Sonic Boom: Rise of Lyric
No matter how fast he sprints, Sonic just can't seem to outrun the curse that follows him from game to game. Big Red Button's Sonic Boom: Rise of Lyric game ties-in with the new Cartoon Network show, but this new entry still suffers from problems that have plagued the series for years. Even worse, it layers on a new level of sloppy combat for Sonic and his friends.
As part of Sonic's Cartoon Network debut, he and his whole crew have been redesigned. Sonic, Tails, Knuckles, and Amy all look vaguely different than their previous incarnations and are sparsely wrapped in white tape, like the laziest mummy costumes you could imagine. The slimmed-down Dr. Eggman is still a thorn in their side, though he's sidelined when a new nemesis, the cyborg snake Lyric, comes to power. Sonic and the gang collect a bunch of crystals to once again save the day while battling legions of generic robots. The story is a vapid parade of tropes, with jittery cutscenes and eye-rolling humor. Big Red Button insists on forcing the gang's annoying, quirky new attitudes onto players, with tons of repeated one-liners like "That's got a nice ring to it" and "Stop, drop, and roll!" These guys won't shut up about how much they love rings. Dr. Eggman even spouts out groan-inducing, poorly aged meme references, like "Nailed it!" or "That. Just. Happened."
In addition to Sonic and his crew's new 'tudes, they also have a new misplaced tendency for melee brawling. Landing punches is heavily dependent on the auto-magnetism that guides characters towards their targets. Some enemies can also easily chain multiple attacks on characters, sending your rings flying (which disappear too quickly to recover a meaningful amount). Dodging is also a mixed bag; sometimes you're granted a generous invulnerability window and other times just being too near an enemy will send your rings flying. Sonic and pals also have energy beams which are used to traverse the environment and lasso enemies. Snagging your desired target is an inconsistent ordeal. The game often automatically locks onto the wrong target, opening you up for an attack. When it does work, tethering enemies and tossing them over ledges makes many encounters trivial.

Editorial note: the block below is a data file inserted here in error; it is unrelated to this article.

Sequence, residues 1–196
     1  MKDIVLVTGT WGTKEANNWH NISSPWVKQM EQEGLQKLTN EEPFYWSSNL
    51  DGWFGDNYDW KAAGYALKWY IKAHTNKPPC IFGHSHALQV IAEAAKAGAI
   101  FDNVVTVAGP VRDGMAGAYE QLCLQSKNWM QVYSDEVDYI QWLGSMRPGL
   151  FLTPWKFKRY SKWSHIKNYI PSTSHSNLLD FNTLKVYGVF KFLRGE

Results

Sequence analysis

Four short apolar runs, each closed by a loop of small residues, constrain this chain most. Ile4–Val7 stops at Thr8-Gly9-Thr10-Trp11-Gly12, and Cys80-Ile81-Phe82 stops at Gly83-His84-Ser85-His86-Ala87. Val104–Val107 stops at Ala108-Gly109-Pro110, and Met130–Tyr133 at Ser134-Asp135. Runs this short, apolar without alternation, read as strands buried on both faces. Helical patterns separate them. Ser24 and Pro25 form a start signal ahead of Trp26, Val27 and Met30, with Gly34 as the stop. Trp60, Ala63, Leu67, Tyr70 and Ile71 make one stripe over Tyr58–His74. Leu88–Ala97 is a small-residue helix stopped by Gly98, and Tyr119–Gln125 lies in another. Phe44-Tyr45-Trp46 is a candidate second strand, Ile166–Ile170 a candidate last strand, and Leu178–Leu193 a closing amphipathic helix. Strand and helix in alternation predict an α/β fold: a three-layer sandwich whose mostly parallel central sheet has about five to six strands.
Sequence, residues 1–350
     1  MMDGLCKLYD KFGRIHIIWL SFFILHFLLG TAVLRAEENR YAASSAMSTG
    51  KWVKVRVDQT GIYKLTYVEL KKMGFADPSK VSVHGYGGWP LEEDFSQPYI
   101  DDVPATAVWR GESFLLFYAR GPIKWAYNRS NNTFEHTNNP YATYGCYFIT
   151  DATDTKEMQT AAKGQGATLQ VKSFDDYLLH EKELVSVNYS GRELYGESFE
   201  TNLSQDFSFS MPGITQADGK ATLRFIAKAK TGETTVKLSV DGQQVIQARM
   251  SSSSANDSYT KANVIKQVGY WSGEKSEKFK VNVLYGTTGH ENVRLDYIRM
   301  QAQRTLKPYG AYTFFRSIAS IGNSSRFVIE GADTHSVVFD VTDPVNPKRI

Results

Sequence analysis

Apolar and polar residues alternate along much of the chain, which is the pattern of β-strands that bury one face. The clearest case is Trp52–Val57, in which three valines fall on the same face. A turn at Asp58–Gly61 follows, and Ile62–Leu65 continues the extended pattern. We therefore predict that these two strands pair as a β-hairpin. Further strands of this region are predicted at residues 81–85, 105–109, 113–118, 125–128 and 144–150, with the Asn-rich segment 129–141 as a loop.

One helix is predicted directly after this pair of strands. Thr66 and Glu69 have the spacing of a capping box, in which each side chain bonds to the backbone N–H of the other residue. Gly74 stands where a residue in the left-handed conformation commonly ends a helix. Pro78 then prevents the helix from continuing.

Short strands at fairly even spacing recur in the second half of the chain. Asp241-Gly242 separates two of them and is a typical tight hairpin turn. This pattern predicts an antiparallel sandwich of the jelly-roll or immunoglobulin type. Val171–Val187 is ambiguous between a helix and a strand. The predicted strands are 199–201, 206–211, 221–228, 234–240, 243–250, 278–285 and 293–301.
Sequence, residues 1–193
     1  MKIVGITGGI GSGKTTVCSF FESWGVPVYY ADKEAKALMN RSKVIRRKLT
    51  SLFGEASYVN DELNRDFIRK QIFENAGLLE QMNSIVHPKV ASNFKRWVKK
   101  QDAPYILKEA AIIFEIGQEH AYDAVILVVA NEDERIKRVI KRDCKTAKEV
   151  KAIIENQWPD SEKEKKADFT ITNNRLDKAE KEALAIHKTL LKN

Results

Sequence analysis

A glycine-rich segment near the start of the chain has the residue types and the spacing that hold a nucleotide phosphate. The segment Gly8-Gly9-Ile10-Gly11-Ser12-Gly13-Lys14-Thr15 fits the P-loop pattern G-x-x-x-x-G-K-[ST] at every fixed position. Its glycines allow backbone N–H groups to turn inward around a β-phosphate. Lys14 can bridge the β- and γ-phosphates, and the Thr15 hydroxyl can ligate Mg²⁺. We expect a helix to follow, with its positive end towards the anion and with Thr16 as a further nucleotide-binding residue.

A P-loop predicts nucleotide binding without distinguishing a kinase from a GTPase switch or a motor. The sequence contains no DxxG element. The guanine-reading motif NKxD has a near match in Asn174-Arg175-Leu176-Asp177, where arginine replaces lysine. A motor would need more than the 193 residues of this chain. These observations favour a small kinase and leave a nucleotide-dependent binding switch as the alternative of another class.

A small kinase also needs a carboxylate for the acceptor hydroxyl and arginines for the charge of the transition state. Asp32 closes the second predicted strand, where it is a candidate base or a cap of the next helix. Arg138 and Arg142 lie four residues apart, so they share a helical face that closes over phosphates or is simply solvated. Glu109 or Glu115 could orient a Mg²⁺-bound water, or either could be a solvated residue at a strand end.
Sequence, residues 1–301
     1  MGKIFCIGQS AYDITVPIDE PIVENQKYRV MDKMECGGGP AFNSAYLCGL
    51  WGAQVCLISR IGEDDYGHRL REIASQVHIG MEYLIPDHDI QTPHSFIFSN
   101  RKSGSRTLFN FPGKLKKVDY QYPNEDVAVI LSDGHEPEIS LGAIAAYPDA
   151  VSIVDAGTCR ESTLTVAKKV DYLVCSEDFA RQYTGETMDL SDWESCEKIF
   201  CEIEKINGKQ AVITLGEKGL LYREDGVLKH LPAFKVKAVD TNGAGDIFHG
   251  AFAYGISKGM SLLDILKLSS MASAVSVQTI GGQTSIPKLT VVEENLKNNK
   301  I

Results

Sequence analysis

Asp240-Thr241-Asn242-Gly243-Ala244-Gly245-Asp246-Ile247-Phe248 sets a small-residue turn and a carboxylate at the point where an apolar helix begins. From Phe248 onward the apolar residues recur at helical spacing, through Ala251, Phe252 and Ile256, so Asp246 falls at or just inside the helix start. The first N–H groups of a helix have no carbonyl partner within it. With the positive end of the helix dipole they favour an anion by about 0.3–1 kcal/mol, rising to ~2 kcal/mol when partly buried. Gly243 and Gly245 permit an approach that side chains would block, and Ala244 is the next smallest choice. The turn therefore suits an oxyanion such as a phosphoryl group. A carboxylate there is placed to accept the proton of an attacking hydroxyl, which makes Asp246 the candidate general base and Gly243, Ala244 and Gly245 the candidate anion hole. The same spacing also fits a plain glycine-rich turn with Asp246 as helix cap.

One or two players can swap between all four characters when exploring the larger hub areas, complete with a useless map that you don't even receive until the second act. This map doesn't perform basic map functions - like showing which direction you're facing - and sometimes fast-travel is inexplicably broken. Sonic can spin dash towards enemies, which is also useful for accessing areas specific to him. Similarly, Knuckles is now a beefy brawler that can climb walls and ceilings, Amy packs a big mallet and triple jump, and Tails can hover and blast enemies with rockets. Switching between characters in combat is a cool concept initially, but once you realize Knuckles is the strongest, you have no incentive to mix it up. Similarly, Amy's triple jump makes her best for general exploration, especially considering Sonic is as slow as the rest of the cast (Strange move, Big Red Button).
When you're not exploring and punching things, you'll spend time completing platforming-heavy challenges and running real fast. Jumping between platforms and avoiding various hazards actually feels slightly improved over recent entries, but that's offset by shoddy level design. Enemies might pop out of the ground faster than anyone would be able to react, and other times the best solution is soldiering through a minefield of hazards while hemorrhaging rings. The series' infamous, linear speedy sections return, complete with touchy controls that make dodging the fast oncoming obstacles frustrating. Tying these sequences together are brief, banal sequences where Sonic and pals are bounced around the environment like pinballs, leaving the player with little to do.
The game is a little more fun with a co-op buddy. One player uses the GamePad screen and the other wields a Wii Remote and Nunchuck while watching the TV. You can swap between the characters at will, unless you're working through a section specifically designed for a duo. Having an ally to bash in Lyric's robots army helps trim down the time spent in the lackluster combat sequences. Players can simultaneously travel down routes unique to their abilities, which is cool - even if the platforming sections are mostly forgettable. Playing two-player co-op comes with a hefty price, though. The already rough framerate becomes laughably low, and the textures and lighting take a huge hit. There are also some four-player competitive and cooperative minigames, but a few wave-based arena maps and platforming sequences aren't enough to justify gathering up willing friends.
I was initially excited when Sega first announced that Big Red Button would be developing Sonic Boom. I thought Sega handing the iconic license over to a new developer might shake Sonic loose of the slump he's endured via a string of rough Sonic Team titles. Unfortunately for fans and the Hedgehog himself, Sonic Boom is a blemished bore.
Big Red Button takes the series' existing shortcomings and layers on a new level of sloppy combat for Sonic and his friends.